Obama ads in GOP turf; McCain says he's leftist


Obama's campaign, capitalizing on his vast financial resources and a favorable political climate, announced that it was going back up with advertising in Georgia and North Dakota, two GOP states that it had teased with ads earlier in the general election campaign but then abandoned.

In what could be a final ignominy for McCain, Obama campaign manager David Plouffe said the campaign would also begin airing ads in Arizona, a state McCain has represented in Congress for 26 years. Plouffe said the race has tightened in Arizona, Georgia and North Dakota. A recent poll from McCain's home state showed the two candidates in a statistical dead heat.

In a slew of states, "the die is being cast as we speak," he said. "Sen. McCain on Election Day is not just going to have to carry the day, but carry it convincingly."

McCain campaign manager Rick Davis derided Obama's moves: "We encourage them to pick other states that we intend to win" to spend their money.

McCain was spending a second straight day touring economically ailing Ohio, a swing state with 20 electoral votes that McCain aides acknowledge is central to a victory on Tuesday. McCain was behind Obama in polls in the state.

While the Obama campaign continued to tie McCain to the unpopular President Bush, McCain assailed Obama's economic policies as recipes from the far left of American politics.

McCain told a rally in Hanoverton, Ohio, that Obama "began his campaign in the liberal left lane of politics and has never left it. He's more liberal than a senator who calls himself a socialist," a reference to Sen. Bernie Sanders, an independent from Vermont.

Campaigning with McCain was former GOP rival and one-time New York mayor Rudy Giuliani, who told the crowd, "John McCain was right about the single most important decision that had to be made in the last four years and that was to stick it out in Iraq."

Earlier, in an interview on ABC's "Good Morning America," McCain said, "Sen. Obama's economic policy is from the far left of American politics and ours is in the center," McCain said. "He wants to raise people's taxes -- that's clear."

Obama is proposing tax increases on families making over $250,000 and individuals making over $200,000 and tax cuts for the 95 percent of workers making less than $200,000.

McCain also was to campaign Friday in Columbus, Ohio, with California Gov. Arnold Schwarzenegger.

In an interview with The Columbus Dispatch published Friday, Schwarzenegger made no effort to disguise the challenge facing McCain He told the newspaper it will be a "major struggle for him to win."

But, he added: "I have seen him in those major struggles in the past when he has come back when everyone counted him out," Schwarzenegger said. "During the primaries, he came back and got nominated."

Obama was to spend the day campaigning across the Midwest, with a quick stop home in Chicago to see his kids on Halloween. His first stop was where his campaign took off, in Des Moines, Iowa, where he upset Hillary Rodham Clinton in the campaign's first contest.

Independent polling in Iowa shows Obama consistently ahead in the race for the state's seven electoral votes, but McCain's campaign maintains the race is tighter than it appears.

As McCain sought to close gaps in states such as Iowa, Obama was expanding the field of play. His campaign plans to air two ads in Georgia and North Dakota -- a tandem of positive and negative commercials.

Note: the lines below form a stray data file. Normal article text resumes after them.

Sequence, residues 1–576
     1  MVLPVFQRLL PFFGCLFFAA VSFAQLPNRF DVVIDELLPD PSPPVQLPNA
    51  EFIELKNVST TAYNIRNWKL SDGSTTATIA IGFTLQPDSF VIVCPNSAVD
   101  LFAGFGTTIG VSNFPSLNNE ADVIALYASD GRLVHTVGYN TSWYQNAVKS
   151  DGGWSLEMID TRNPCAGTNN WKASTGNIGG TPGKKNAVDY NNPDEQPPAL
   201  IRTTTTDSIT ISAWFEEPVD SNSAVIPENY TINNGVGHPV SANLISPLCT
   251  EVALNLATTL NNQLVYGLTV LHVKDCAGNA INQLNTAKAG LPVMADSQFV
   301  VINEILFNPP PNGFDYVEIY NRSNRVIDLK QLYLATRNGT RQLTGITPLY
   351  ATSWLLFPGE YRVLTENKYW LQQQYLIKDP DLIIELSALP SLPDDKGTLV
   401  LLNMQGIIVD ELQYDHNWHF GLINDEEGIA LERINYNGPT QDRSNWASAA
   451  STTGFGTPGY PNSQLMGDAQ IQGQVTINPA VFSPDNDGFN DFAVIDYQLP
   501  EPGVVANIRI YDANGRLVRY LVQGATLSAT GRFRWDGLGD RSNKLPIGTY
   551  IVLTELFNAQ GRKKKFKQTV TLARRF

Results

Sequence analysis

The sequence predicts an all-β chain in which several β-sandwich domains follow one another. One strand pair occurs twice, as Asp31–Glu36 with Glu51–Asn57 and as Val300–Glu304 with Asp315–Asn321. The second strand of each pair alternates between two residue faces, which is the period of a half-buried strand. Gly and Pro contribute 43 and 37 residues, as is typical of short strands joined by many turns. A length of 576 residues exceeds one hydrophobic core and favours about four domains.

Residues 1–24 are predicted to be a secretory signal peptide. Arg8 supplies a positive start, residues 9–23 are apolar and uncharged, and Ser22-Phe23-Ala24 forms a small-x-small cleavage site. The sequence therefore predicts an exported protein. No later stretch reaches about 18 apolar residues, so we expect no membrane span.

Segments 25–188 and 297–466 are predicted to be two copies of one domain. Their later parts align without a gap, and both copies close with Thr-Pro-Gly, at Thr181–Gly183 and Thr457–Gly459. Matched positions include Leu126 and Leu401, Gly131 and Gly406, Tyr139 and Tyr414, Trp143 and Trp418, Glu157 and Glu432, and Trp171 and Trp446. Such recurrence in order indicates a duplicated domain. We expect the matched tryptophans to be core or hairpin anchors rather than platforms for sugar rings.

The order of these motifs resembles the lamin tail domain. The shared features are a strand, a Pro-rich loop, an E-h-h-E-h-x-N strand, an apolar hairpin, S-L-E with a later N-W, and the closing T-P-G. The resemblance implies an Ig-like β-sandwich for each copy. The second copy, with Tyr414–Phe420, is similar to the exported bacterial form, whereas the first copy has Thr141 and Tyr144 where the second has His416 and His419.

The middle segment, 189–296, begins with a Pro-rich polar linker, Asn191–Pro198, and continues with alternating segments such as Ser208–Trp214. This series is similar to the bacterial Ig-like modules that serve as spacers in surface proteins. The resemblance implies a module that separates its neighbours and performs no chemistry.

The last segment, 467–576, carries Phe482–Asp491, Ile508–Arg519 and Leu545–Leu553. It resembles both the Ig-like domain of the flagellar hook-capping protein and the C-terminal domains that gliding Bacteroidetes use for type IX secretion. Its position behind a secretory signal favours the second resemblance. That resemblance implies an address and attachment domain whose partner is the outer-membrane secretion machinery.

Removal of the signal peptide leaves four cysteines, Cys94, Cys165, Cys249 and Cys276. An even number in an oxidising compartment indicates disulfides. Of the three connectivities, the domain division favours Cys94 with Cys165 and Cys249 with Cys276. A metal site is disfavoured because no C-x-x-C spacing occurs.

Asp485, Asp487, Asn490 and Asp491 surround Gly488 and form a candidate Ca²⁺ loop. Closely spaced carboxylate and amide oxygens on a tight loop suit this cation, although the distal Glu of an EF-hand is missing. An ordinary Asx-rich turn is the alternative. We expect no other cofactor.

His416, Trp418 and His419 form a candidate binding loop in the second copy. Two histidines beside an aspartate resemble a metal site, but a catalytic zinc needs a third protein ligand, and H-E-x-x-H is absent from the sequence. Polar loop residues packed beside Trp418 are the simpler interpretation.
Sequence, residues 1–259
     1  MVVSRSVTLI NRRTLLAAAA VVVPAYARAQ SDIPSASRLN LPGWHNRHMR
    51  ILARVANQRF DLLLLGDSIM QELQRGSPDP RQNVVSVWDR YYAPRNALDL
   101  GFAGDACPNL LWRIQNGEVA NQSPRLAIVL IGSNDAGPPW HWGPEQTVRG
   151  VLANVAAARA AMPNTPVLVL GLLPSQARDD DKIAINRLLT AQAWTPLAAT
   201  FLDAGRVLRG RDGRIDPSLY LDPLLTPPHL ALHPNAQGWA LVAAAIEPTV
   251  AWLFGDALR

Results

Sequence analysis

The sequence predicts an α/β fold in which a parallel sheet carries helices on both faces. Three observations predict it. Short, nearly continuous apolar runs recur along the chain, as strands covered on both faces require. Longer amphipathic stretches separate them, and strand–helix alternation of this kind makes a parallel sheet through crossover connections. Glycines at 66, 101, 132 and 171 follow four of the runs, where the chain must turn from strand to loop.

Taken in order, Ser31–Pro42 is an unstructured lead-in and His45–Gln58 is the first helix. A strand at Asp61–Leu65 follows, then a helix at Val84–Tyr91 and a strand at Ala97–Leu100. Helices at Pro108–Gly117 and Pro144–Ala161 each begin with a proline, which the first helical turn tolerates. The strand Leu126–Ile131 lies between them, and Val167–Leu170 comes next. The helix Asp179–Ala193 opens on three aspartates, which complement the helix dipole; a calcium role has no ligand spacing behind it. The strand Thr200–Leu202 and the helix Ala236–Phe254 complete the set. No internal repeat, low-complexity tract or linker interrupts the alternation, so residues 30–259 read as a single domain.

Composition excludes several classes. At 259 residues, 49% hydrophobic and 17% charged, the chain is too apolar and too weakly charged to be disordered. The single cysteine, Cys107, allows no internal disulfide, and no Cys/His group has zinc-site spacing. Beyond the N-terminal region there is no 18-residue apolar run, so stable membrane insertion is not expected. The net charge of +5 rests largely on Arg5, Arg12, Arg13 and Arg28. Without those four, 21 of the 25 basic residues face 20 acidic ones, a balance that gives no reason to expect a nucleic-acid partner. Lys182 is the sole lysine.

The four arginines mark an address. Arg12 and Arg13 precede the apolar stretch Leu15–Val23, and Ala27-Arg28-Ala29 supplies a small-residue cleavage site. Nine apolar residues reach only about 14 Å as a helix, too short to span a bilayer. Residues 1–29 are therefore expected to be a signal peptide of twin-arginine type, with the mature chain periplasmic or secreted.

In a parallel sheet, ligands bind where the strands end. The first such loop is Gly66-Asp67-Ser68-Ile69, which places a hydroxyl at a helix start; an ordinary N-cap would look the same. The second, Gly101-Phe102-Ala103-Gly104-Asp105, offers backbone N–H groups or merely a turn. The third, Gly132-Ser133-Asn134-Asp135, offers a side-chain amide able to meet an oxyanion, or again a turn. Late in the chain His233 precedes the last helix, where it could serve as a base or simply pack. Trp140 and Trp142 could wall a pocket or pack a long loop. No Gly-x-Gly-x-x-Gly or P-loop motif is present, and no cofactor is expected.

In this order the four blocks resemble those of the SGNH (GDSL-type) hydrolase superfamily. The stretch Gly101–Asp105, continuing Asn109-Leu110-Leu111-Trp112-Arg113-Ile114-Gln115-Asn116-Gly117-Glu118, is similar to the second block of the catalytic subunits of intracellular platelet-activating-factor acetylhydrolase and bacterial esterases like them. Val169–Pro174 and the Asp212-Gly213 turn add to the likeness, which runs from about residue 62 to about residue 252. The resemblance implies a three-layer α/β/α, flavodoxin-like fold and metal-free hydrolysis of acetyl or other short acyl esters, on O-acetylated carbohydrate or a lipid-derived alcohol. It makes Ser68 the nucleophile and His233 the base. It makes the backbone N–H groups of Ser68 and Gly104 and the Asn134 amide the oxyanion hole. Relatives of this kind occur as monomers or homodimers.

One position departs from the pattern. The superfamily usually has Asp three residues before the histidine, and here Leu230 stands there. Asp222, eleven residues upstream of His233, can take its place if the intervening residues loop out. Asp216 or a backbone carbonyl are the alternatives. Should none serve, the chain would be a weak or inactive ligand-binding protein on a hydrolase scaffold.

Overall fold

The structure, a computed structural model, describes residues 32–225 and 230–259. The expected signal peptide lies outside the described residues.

One ties McCain to President Bush, showing a man adjusting a review mirror in a car as an announcer says: Wonder where John McCain would take the economy? Look behind you, John McCain wants to continue George Bush's economic policies."

The other relies on Obama's message of "unity over division" and reminds viewers that Obama has been endorsed by mega-financier Warren Buffett and former Secretary of State Colin Powell. Plouffe said that in deference to McCain, the campaign would only run the positive ad in Arizona.

"It's Sen. McCain's home state," Plouffe said. "We're cognizant of that."

McCain is planning a midnight rally on Monday in Prescott, Ariz., and his election party Tuesday night in Phoenix.

Plouffe said the expanded ad campaign was not diluting their advertising in other battlegrounds. "We're always looking for opportunities to expand the map," he said.

After the Halloween stop at home, Obama was to head for a rally in Highland, Ind., a town in Democratic-dominated Lake County where Obama hopes to run up the vote to offset Republican domination elsewhere in Indiana.

Meanwhile, former Vice President Al Gore and his wife, Tipper, were to campaign for Obama in Florida.

Sprinting into the weekend, Obama was headed to the West, hoping to claim Colorado and maybe more. McCain was flying to Virginia, usually friendly country for the GOP but another place where polls give Obama the edge. McCain aides said the Arizona senator was likely to swing west also, to play to his base.

There was nothing complicated about their closing arguments to voters, with the economy the top concern. Obama is focused on linking McCain to Bush and blaming both for the nation's economic woes.

McCain had hoped the election would turn on issues like the Iraq war, where he could use his military background to convince voters he's the best choice as commander in chief. But he effectively has conceded that it's all about the economy and people's financial struggles.

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